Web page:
Both hospitals were also concerned about the risks involved in conventional documentation practices. Although staff members did their best to make sure patient charts were always accurate and up-to-date, there was no centralized monitoring or system-wide set of rules to ensure consistency. Doctors and nurses relied on handwritten records to determine significant facts such as patient allergies or treatments given previously. Every aspect of a patient’s visit to the ED — from the time required to get an individual into a treatment room to the final disposition of the case later that day — involved potential gaps in vital documentation and communication.

Instant Access to Critical Data
According to Dr. Weisberger, Bon Secours Richmond went through an exhaustive search process before selecting HealthMatics ED.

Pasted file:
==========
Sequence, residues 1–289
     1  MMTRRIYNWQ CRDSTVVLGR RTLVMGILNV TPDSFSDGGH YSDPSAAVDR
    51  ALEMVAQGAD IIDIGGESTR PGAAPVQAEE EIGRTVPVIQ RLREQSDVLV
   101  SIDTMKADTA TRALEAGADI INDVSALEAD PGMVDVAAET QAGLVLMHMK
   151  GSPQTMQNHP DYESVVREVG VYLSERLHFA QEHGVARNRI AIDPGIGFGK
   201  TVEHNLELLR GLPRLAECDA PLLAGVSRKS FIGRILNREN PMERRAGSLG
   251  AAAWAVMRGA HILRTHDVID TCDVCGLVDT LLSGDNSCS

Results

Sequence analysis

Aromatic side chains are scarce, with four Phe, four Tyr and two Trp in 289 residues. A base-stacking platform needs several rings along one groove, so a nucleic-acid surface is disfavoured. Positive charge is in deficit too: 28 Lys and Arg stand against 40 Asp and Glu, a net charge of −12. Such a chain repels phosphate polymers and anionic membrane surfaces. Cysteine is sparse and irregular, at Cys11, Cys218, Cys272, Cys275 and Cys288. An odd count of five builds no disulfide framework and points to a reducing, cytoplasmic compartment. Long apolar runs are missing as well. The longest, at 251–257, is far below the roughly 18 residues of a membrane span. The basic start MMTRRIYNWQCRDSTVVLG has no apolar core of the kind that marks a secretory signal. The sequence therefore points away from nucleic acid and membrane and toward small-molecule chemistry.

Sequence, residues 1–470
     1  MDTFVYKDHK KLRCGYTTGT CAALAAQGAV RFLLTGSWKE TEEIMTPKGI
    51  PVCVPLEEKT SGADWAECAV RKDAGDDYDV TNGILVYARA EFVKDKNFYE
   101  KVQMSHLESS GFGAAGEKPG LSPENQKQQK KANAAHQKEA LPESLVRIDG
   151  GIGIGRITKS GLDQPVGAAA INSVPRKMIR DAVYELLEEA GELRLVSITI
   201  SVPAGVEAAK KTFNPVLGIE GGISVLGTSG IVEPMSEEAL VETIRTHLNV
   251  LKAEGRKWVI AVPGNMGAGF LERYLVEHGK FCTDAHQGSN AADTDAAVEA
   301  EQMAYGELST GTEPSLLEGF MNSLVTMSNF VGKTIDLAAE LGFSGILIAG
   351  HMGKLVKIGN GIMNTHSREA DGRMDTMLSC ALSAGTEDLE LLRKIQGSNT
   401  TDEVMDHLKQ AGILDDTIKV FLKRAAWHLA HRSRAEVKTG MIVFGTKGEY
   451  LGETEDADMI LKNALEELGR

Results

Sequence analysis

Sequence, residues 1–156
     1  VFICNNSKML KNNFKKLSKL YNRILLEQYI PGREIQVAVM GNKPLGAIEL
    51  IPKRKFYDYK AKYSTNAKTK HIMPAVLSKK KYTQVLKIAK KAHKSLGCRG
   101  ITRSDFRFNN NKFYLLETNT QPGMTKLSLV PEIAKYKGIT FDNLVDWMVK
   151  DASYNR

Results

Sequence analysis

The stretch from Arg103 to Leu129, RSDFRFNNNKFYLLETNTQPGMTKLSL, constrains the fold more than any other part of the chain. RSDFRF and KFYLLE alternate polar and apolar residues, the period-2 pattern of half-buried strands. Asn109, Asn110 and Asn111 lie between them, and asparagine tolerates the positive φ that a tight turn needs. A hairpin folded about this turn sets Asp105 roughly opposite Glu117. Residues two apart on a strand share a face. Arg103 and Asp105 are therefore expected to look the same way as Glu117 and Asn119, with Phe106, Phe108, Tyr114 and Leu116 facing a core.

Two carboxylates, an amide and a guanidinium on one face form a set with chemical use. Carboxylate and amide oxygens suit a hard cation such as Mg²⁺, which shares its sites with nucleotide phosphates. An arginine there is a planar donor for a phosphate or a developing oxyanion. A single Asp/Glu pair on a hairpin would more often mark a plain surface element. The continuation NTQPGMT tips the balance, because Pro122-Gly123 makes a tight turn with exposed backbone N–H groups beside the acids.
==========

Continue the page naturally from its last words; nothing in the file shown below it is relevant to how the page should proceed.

“HealthMatics ED had the most complete solution,” he said. “From top to bottom, it was the most effective package for patient tracking, order entry, data retrieval, charting, nursing functions, and other ED procedures.”
Jeff Burke, executive vice president and CIO at Bon Secours Richmond, adds that the solution’s flexibility was a key deciding factor.
“HealthMatics ED lets doctors electronically document a case on the go, while speaking with the patient — even if the discussion jumps back and forth from one complaint to another,” Burke said. “The data is instantly accessible to nurses and consulting physicians or anyone who will be interacting with the patient afterward.”

Saving Time, Improving Patient Care
Dr. Weisberger says that there’s no comparison between the time spent on paper-based records and the ease of use of the new HealthMatics ED system.